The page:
The makers of TNT's Rizzoli and Isles, a show which revolves around the careers and friendship of two women, a detective and a medical examiner, apparently aren't fans of the choices made by conservative females who opt for marriage and motherhood over a career. According to the July 17 episode, it's possible that some of these mothers could be driven to kill.
The episode begins with the murder of a prominent psychologist and author of a book called, "No Need to Breed," which advocates for childless marriage. Their primary suspect is a stay-at-home mother of nine who is also the founder of a pro-family website that has spoken out against the victim in the past. As with most people in this day in age, the subject has a profile on the site where she posts website. This causes Officer Rizzoli to scoff, "it's because she leads such a fascinating life that she wants everyone to know what she's doing at all times."
When Rizzoli brings her in for questioning the suspect, she has four of she children with her. Predictably, the protagonist looks at her with absolute disgust and asks if "there's someone else that they can stay with."
After the stay-at-home mom expresses her disdain for the murdered psychiatrist's views, Rizzoli asks if she committed the crime because she was jealous that the victim "didn't have stretch marks." The suspect then lifts up her shirt and says that, "she's very proud of her womb" which leaves Rizzoli and the other detective present in the room at the time visibly repulsed.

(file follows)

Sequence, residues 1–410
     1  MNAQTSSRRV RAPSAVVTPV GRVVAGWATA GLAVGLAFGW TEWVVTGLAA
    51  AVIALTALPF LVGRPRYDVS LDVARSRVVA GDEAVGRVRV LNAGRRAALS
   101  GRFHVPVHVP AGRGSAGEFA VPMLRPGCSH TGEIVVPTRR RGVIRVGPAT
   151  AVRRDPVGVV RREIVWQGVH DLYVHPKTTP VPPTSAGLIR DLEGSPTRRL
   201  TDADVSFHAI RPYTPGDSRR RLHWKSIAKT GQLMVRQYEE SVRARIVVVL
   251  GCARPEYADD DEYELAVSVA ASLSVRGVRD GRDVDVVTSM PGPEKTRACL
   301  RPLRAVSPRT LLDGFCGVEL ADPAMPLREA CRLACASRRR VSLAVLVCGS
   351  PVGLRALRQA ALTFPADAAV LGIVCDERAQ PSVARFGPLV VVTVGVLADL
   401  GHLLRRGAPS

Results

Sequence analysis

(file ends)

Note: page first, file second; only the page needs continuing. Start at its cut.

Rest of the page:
Later, when her father's pregnant ex-fianceé comes to her for help with a medical emergency, she accuses the woman of being intoxicated, when in fact she is suffering from gestational diabetes and is lapsing into a coma. The look on Rizzoli's face when the woman tries to take her hand is one of such disgust and discomfort that it is hysterical.
Ultimately, the stay-at-home mom turns out to not be the killer and really has little to do with the plot.
Pregnancy and motherhood aren't the only things that Rizzoli looks down on. When Isles asks her if she thinks that "she could be happy in a childless marriage," Rizzoli tells her that it doesn't matter because, "with or without children, marriage is miserable."
In order to highlight this point, the show's writers apparently decided to go way over the top. Rizzoli is promptly kidnapped by a crazy bakery delivery man, who has a replica of her bedroom in his basement and a variety of photo-shopped pictures of the two of them together, and intends to keep her there as his wife. (Get it? Marriage is a prison? We've never heard that one before.)
Because this is a cable TV show, and it's still a few months til sweeps week, Rizzoli is rescued (ironically by a team of male officers) and goes back home to drink wine and make sarcastic comments about how the hostage situation mirrored a real marriage.